Union Leaders Speak Out Against Possible Reductions

United University Professions members handed in petitions regarding cuts, possible reductions and layoffs in the campus's future.
United University Professions members handed in petitions regarding cuts, possible reductions and layoffs in the campus's future.

Surrounded by nearly a dozen others wearing signs that said “Save our SUNY,” United University Professions (UUP) New Paltz Chapter President Richard Kelder entered Interim President Donald Christian’s office Tuesday with an envelope in hand. Passing a stack of petitions to Chief of Staff Shelly Wright, Kelder left the office with a promise for administrators regarding when they would hear what the group had to say about the campus budget planning process again.

“We’ll be back soon,” he said.

Kelder, UUP members, faculty and students gathered this week to speak out and hand in petitions regarding the cuts facing the SUNY system and possible reductions and layoffs looming in the campus’s future.

Originally, the UUP members had planned to host the Fight Back USA National Teach-in, streaming the event live from New York City. Howevr, technological problems prevented them from screening the teach-in moderated by authors and scholars Frances Fox Piven and Cornel West.

Although Kelder said he felt the turnout in Lecture Center 102 could have been better on Tuesday afternoon, he still felt it was important that the campus community discuss how budgeting issues are being handled on campus and across the state.

“This is the time for people to exchange ideas and engage in these kinds of dialogues,” he said. “We have to look at where there may be a loss of personnel or programs and then we have to think about the impact that would have on those who are affected.”

Students and faculty were invited to share their thoughts about methods for meeting the multi-million dollar shortfall facing SUNY New Paltz that resulted in part resulted from cuts in state taxpayer support. Speakers urged legislators not to continue to attack “the middle class,” referencing both the 10 percent cut in SUNY funding in the new state budget and the discontinuance of the millionaire’s tax, among other things.

Irwin Sperber, professor of sociology, said education was a tool for upward mobility for students of varying social classes, and that this opportunity is being threatened on this campus and across New York.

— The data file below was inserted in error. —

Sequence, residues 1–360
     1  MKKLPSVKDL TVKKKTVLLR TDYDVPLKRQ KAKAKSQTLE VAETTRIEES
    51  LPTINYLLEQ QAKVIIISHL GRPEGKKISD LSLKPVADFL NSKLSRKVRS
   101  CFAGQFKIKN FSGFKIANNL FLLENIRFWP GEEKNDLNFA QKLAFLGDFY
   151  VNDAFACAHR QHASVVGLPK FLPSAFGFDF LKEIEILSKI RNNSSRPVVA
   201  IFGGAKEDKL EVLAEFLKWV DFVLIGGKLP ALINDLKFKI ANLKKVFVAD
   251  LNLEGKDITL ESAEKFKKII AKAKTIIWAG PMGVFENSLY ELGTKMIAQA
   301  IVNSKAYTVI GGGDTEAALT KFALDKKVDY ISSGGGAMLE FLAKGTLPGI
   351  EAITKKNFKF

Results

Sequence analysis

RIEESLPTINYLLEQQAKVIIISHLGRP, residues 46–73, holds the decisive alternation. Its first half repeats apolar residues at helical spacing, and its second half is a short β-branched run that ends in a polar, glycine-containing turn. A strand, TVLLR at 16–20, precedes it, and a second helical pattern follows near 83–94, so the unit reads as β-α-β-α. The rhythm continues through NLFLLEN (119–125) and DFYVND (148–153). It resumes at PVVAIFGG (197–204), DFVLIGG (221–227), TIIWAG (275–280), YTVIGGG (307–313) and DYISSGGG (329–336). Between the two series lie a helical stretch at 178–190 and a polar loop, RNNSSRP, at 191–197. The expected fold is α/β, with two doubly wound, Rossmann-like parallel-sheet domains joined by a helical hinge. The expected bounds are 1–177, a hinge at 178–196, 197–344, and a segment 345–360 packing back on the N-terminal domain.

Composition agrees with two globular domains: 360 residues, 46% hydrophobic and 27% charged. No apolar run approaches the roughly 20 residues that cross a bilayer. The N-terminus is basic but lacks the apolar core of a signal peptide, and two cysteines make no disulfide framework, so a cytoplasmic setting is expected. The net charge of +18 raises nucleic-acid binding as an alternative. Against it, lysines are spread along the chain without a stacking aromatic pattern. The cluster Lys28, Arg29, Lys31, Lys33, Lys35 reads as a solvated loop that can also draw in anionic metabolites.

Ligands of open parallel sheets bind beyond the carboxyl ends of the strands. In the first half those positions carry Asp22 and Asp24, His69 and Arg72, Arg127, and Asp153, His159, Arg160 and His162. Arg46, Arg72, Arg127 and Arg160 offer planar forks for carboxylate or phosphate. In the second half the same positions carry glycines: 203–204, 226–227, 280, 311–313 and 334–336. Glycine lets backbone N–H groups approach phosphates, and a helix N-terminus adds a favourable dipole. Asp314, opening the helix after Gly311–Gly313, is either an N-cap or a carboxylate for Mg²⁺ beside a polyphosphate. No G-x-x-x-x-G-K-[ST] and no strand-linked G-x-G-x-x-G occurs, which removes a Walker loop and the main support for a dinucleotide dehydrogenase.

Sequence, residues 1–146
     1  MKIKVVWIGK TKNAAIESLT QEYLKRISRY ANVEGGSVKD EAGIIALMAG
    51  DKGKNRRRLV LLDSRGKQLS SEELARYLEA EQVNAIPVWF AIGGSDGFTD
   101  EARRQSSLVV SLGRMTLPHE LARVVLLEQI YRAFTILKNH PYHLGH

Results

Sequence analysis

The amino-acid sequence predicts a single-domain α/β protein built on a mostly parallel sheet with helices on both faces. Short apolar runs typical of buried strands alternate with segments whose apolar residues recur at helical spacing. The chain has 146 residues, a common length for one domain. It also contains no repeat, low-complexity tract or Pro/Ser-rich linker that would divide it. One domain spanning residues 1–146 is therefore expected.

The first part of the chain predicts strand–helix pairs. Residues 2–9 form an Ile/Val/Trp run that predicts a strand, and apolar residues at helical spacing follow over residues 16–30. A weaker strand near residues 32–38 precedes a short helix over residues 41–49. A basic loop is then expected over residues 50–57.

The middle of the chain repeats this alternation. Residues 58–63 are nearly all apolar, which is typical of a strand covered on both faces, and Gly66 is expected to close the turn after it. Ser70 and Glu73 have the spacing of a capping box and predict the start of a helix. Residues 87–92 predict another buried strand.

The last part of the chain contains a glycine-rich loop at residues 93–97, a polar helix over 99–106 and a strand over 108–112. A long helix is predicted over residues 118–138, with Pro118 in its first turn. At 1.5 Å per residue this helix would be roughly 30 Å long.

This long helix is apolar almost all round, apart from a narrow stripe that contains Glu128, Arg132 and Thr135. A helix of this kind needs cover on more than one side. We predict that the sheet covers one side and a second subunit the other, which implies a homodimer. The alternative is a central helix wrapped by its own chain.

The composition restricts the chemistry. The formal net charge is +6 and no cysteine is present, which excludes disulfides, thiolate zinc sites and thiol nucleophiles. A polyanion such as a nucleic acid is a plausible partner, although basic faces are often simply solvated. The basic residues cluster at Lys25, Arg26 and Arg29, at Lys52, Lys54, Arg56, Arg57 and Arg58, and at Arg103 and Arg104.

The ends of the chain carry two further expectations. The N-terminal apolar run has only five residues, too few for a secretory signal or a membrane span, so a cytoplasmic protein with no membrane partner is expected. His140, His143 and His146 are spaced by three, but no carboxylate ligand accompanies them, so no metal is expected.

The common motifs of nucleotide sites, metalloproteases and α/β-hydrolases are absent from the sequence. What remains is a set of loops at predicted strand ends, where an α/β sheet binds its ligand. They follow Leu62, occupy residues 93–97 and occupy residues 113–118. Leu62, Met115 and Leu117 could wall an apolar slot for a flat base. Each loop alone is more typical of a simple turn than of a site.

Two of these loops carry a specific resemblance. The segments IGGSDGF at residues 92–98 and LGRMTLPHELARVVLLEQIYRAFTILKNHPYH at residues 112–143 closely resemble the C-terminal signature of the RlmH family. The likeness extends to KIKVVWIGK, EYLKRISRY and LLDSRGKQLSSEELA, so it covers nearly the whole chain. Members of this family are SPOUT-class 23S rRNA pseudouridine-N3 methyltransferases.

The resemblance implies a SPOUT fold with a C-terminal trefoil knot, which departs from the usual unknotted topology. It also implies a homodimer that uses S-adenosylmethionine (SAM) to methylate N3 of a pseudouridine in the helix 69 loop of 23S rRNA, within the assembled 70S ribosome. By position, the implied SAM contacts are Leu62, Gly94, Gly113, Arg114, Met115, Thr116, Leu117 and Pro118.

“This is the kind of thing that speaks ill of what the country has been coming to at the hands of corporate forces,” he said. “They are bringing our public institutions of higher learning down to ruin.”

Other speakers offered suggestions for reacting to reduction plans that are being suggested by administrators at SUNY New Paltz.

Eve Tuck, professor of educational studies, said faculty should think carefully about suggestions put forth by administrators in regards to increasing their own workloads.

“My sense is that when we increase the workload for each individual that means that we can do more or the same with fewer people, which means that some people are seen as less valuable,” she said. “I think we really need to resist models for workload increases because that actually paves the way for people to lose their jobs and not to maintain them.”

At the end of the speak out, UUP leaders and students marched to the Haggerty Administration Building to deliver petitions containing 2,500 signatures that had been circulated on campus.

The petition states that SUNY New Paltz administrators should “use ample reserve funds to help address any budget shortfalls” and more.

Kelder said UUP leaders will continue to promote it’s seven-point program for combatting the cuts in state support, which Christian estimated could translate to a campus deficit exceeding $6 million in light of the recent round of reductions out of Albany. Kelder also said UUP hopes to organize additional forums in the near future.